By E. Martin Schotz, MD/ peaceworker
Let us begin by examining two moments from the media in the past year. The first occurred on Radio 360 during a segment exploring under what conditions the United States might launch nuclear weapons. At one point the host exclaimed, “Well we wouldn’t want to blow up the world, if we didn’t have a good reason to do so.” Put a check by that comment. We will come back to it. The second moment was a question a reporter put to Senator Bernie Sanders as to whether he would be willing to push the nuclear button. The sense of the question was that to be qualified to be President of the United States you had to be willing to “push the button.”
How did we ever get into this situation, where we are planning to blow up the world and need to make sure we have a “good reason” to do so, and in which in order to be considered competent to be President of the United States, you have to be willing to blow up the world. This is literally the absurd criminal insanity in which we are living with nuclear weapons. How has this come about? By what means have we as otherwise sane human beings allowed ourselves to be put in such a situation? How can political representatives and military officials who ordinarily appear sane participate in such a situation?
I want to suggest in this essay that one key to understanding this insanity rests on our failure to grasp the irrationality of the concept “nuclear deterrence.” Albert Einstein at the dawn of the nuclear age famously warned that “the splitting of the atom has changed everything in the world except our mode of thinking, and thus we drift toward unparalleled catastrophe.”
Nuclear war does not begin with the weapons going off. It ends with the weapons going off. Thus the existence of nuclear weapons forces us to think of nuclear war as beginning prior to their being exploded. Nuclear war must be seen as a process, a process in which the weapons are developed, tested and deployed. A process in which war propaganda conditions the population to believe other countries are their enemies. Looked at from this vantage point we must recognize that we are in a nuclear war right now.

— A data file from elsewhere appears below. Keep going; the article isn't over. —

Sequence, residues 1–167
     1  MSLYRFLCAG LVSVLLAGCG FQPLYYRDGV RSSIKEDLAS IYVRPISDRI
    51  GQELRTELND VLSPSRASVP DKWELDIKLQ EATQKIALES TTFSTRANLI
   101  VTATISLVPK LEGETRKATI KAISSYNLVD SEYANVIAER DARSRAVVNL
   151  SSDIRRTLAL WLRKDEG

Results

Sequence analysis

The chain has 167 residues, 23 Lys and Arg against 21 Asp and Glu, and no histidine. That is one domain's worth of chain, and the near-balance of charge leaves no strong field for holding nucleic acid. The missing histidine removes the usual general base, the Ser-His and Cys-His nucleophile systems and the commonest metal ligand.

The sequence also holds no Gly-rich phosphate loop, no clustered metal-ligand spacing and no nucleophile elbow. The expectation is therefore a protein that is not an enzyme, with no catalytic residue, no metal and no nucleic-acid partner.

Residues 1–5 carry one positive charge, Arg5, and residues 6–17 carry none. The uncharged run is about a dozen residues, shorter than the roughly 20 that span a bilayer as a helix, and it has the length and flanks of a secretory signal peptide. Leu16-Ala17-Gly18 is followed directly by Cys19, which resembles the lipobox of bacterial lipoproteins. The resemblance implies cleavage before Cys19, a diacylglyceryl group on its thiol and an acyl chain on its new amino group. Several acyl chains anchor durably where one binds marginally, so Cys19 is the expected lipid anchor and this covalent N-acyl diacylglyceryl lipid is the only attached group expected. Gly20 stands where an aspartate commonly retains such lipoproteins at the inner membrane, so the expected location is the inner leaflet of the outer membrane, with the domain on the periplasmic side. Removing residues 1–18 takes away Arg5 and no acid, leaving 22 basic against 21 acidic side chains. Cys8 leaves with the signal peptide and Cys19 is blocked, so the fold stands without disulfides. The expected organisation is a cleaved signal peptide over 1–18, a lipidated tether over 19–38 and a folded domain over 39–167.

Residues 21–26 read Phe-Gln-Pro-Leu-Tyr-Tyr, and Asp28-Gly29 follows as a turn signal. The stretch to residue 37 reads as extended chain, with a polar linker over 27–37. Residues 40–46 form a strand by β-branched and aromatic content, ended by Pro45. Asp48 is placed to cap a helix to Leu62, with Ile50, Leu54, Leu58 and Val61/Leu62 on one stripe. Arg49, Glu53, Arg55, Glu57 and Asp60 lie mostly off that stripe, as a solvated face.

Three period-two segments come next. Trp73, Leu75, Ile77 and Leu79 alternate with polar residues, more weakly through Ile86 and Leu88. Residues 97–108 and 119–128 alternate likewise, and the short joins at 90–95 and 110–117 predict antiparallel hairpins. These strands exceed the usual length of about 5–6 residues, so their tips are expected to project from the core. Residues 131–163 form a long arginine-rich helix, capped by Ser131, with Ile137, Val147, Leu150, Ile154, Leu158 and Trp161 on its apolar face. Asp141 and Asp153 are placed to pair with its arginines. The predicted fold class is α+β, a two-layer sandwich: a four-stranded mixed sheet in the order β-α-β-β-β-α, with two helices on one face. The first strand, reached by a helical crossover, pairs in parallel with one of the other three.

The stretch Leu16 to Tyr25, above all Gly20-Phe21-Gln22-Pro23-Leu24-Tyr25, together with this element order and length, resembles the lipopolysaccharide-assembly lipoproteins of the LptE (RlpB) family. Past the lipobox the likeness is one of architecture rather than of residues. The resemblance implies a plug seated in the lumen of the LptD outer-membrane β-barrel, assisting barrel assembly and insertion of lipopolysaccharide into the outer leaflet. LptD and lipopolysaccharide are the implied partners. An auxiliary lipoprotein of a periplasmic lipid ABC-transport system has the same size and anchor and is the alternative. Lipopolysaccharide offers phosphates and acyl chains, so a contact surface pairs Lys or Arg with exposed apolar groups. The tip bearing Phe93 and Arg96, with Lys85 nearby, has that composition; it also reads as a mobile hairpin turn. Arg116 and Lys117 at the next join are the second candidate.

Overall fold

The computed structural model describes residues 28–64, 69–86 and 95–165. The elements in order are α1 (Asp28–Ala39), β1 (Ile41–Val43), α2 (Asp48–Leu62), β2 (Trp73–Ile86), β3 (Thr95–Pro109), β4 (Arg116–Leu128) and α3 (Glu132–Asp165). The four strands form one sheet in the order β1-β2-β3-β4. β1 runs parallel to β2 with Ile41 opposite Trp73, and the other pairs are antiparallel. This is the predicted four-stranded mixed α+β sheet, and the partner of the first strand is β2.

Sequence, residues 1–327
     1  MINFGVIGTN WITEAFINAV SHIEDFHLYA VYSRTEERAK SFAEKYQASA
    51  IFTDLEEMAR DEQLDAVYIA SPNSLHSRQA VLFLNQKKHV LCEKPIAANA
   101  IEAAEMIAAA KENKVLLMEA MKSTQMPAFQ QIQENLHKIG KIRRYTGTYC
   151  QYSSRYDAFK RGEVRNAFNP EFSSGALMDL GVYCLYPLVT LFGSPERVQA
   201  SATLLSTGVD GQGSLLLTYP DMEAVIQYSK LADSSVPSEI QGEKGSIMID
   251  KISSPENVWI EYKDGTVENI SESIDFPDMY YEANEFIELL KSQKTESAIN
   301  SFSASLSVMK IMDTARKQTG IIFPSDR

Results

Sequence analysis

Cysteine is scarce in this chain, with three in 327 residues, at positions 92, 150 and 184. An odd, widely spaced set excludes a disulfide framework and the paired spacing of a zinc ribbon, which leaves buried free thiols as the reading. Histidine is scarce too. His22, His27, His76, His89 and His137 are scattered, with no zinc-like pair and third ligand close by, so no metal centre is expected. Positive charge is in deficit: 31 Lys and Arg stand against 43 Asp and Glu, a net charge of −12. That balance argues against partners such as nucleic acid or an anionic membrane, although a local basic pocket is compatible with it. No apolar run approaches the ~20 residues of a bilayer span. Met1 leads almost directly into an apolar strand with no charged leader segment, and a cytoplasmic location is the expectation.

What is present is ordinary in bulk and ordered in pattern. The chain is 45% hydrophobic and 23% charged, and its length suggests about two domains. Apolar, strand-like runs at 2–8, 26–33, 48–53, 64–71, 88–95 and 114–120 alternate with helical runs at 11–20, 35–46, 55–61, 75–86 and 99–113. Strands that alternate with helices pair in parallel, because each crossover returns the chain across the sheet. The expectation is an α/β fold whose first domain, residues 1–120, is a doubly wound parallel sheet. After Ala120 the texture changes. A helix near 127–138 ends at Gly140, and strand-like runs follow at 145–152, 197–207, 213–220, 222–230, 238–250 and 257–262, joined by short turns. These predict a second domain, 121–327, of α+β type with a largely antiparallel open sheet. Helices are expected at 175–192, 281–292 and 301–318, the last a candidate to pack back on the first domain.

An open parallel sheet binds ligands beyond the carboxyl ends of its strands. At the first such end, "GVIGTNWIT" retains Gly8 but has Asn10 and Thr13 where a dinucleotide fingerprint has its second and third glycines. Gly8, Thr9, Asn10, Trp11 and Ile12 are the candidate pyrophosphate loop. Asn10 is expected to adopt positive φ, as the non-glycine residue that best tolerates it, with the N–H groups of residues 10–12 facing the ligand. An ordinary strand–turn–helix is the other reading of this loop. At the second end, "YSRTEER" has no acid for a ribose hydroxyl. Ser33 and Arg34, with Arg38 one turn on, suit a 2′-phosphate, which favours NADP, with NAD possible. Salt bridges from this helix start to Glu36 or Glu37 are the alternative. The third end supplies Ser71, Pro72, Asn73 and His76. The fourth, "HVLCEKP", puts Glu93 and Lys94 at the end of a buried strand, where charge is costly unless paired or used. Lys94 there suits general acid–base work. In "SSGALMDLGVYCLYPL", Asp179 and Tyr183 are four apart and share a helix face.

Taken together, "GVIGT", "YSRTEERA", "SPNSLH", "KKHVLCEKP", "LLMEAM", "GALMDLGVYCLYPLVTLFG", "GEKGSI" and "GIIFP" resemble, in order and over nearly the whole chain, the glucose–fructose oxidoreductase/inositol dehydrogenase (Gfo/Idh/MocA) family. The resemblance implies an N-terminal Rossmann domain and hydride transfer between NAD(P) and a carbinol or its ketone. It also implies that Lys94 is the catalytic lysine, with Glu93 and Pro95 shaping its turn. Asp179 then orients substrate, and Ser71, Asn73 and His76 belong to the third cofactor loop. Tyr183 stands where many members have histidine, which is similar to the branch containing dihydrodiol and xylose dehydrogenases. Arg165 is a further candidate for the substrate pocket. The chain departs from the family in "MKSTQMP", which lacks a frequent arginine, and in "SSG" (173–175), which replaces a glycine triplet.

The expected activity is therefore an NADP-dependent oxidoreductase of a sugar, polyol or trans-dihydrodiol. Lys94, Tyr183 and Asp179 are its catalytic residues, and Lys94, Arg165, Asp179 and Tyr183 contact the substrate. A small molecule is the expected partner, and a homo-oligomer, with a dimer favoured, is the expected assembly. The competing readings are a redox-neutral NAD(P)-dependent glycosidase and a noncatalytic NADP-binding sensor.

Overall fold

The idea that the US and Russia are separate, is not operative, when it comes to nuclear weapons. Thus the age old moral adage – “Do unto others as you would have them do unto you” — this moral adage in the nuclear age has been turned into a practical necessity. We cannot afford to see Russia as an enemy and Russia cannot afford to see us as an enemy. We must see each other a partners in survival.
Once the US and Russia see each other as partners in survival, they would be in a position to work together to help other nations join in the process. This is the way an international ban on nuclear weapons can eventually be achieved.
For those who find what has been written here unbelievable and say, “There is no way our officials could be so irresponsible”, an anecdote may be instructive. Physicians for Social Responsibility, one of the leading organizations in the US for nuclear abolition, was begun in 1961, when a group of physicians decided to publish an article in The New England Journal of Medicine detailing what would be the result of a nuclear attack on Boston. Following its publication the source of the largest number of requests for copies of the article came from the Pentagon. It turned out that the Pentagon had developed and deployed a massive arsenal of nuclear weapons without taking the trouble to investigate what would happen if the arsenal was used.
Finally I want to quote the words of Four Star General Lee Butler who from 1991 to 1994 was commander of all US strategic nuclear forces. Within two years of retiring from the Air Force he began traveling the world as an outspoken nuclear abolitionist.
… We cannot at once keep sacred the miracle of existence and hold sacrosanct the capacity to destroy it….. We cannot sit in silent acquiescence to the faded homilies of the nuclear priesthood. It is time to reassert the primacy of individual conscience, the voice of reason and the rightful interests of humanity. (speech at the National Press Club, February 2, 1998)